Over the last year or so, a healthy supply of titles have been added to Xbox Game Pass' cloud gaming service. In just the last week, both Cricket 22 and MLB The Show 22 have been released on the Cloud streaming platform, being readily available across all devices without the need to install anything. April 7 sees a total of four games hitting Xbox Game Pass' Cloud service, most of which will be available via EA Play.
Set in the neon-soaked cyberpunk streets of 2037 Singapore, Chinatown Detective Agency puts players in the shoes of Amira Darma, an ex-INTERPOL officer who's decided to go out on her own and set up a private agency. Players will accept their own cases, and travel around the near-dystopian world to solve cases.
One of Chinatown Detective Agency's most unique selling points is that it will apparently require the player to conduct some research outside the game itself. This can allegedly include searching for a pass code, or discovering the meaning of a mysterious quote.
Players will journey across over 100 environments, each one rendered in stunning pixel art fashion, with vibrant neon lighting dominating the art style. Chinatown Detective Agency should appeal to Xbox Game Pass Cloud users who are fans of the point-and-click genre.
The 2011 sequel to the beloved Dragon Age Origins, Dragon Age 2 didn't quite meet the same critical reception as its predecessor, but being a decade removed from it now, some Dragon Age fans have given it another chance. Set in the fantasy world of Thedas, players take control of Hawke, a refugee who soon becomes a legendary warrior.
Dragon Age 2 scored well amongst critics, but for fans of the original, its combat system changes, lackluster narrative, and reused environments and assets seemed like a real step back. Some of the game's faults lie behind the scenes, with BioWare only being given 14-16 months to finish Dragon Age 2, leading to some extensive crunch on the developer's part.
Despite its shortcomings, Dragon Age 2 is still a good game. Its focus on sharp dialogue and relatable companion relationships still holds that high level of BioWare quality, making it certainly worth playing for any RPG fan, or fan of BioWare's other works such as Mass Effect and Knights of the Old Republic.
EA's time with the Star Wars license hasn't been too excellent, but Star Wars: Squadrons is a bit of a diamond in the rough for many fans. Though it doesn't quite live up to the legacy of the Rogue Squadron and X-Wing games it's trying to imitate, Star Wars: Squadrons is the best modern day Star Wars space combat game.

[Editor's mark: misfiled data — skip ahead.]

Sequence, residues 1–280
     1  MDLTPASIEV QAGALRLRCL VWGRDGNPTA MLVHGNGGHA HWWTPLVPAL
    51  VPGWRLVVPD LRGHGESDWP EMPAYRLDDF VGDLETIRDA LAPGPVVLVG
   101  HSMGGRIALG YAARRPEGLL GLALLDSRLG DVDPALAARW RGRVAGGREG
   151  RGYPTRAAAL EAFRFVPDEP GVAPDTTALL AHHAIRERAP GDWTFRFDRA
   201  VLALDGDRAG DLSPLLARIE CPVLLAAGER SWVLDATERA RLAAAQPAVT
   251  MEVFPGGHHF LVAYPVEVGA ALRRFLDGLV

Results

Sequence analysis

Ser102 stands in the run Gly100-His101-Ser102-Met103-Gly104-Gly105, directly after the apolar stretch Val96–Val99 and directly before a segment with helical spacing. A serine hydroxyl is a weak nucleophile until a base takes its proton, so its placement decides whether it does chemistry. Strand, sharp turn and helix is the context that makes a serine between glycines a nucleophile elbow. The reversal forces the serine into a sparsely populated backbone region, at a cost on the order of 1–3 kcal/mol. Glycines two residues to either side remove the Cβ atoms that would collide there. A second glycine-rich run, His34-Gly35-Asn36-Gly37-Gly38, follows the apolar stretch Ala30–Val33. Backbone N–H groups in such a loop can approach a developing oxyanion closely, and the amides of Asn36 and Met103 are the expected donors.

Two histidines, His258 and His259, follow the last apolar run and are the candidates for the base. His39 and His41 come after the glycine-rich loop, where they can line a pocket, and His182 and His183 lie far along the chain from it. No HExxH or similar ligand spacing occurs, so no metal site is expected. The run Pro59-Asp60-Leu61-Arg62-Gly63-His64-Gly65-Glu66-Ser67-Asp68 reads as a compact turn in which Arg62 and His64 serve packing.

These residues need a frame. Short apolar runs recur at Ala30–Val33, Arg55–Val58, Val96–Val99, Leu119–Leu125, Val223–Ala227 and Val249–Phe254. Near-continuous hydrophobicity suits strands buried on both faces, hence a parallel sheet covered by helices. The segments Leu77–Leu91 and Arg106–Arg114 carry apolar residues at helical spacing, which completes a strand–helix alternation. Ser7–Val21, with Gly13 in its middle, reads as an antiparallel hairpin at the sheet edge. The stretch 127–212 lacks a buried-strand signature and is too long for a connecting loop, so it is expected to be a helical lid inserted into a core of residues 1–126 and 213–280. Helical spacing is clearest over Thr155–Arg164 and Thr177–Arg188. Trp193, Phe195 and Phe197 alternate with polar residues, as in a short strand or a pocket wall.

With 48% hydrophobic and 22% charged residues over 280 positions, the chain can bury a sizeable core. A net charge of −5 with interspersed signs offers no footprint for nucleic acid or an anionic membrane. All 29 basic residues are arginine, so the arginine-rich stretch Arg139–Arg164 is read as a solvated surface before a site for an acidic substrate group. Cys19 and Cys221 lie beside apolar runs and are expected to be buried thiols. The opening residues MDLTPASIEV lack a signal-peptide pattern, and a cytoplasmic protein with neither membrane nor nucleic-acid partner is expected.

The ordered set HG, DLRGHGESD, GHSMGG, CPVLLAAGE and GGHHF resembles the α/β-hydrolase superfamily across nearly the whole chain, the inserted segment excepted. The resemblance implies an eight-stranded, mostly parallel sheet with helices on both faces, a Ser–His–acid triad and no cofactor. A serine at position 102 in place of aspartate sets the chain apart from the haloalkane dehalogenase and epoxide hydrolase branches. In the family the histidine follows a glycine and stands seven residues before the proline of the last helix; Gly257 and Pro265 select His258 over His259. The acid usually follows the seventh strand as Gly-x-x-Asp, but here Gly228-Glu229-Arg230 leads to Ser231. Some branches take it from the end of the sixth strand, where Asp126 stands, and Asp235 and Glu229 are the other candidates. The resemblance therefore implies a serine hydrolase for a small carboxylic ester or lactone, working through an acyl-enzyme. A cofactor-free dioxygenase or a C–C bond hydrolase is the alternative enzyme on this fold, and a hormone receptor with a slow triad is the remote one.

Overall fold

Players get to choose from 10 of the most iconic Star Wars ships, ranging from the X-Wing and Tie-Fighter, to the B-Wing and Tie-Defender. Each ship has its own unique strengths and weaknesses, and has its own purpose in battle. Players will need to choose the right ship for the job, and carefully manage the power settings of their Shields, Engines, and Weapons.
Players can also unlock a plethora of cosmetic options for their ship, ranging from external decals and skins, to cockpit knickknacks like a Grogu bobblehead or dangling Death Star chain. There's plenty of references and Easter eggs for Star Wars die-hards to discover.
Star Wars: Squadrons' single-player campaign is a little lackluster, with barely any character motivations or context between missions, but its multiplayer truly shines. Squadrons offers two multiplayer modes, the Dogfight mode, which sees two teams of five go head-to-head, and Fleet Battles, where players try to destroy their opponents' capital ship. Gameplay can be a little difficult, with some pretty complex controls, but once the player has gotten the hang of it, they'll be space-drifting around their enemies in no time.
It isn't the best Star Wars game by a long shot, but Star Wars: Squadrons will definitely scratch that itch for fans of the old school Star Wars dogfighters. And with enough references and authentic-looking environments and vehicles, there's more than enough here to keep a Star Wars fan happy for at least a few hours.
The last game headed to Xbox Game Pass' Cloud service on April 7 is Plants Vs. Zombies Garden Warfare. In a departure from the series' Tower Defense roots, Garden Warfare instead shifts the series to the third-person shooter genre, infused with a few Tower Defense elements.
Using the Frostbite 3 Engine, Plants Vs. Zombies Garden Warfare is surprisingly good-looking, holding up fairly well even eight years after release. It isn't the most complex third-person multiplayer-focused shooter, but it's unsuspectingly fun, with its more arcade-y gameplay lending itself well to the game's more casual and light-hearted tone.
It might not capture the attention of any die-hard shooter fans, but there's enough charm here to warrant a quick match or two. And for those with younger gamers, or those who are looking for a few hours of light-hearted fun, Plants Vs. Zombies Garden Warfare is certainly a game worth checking out via Xbox Game Pass' Cloud service.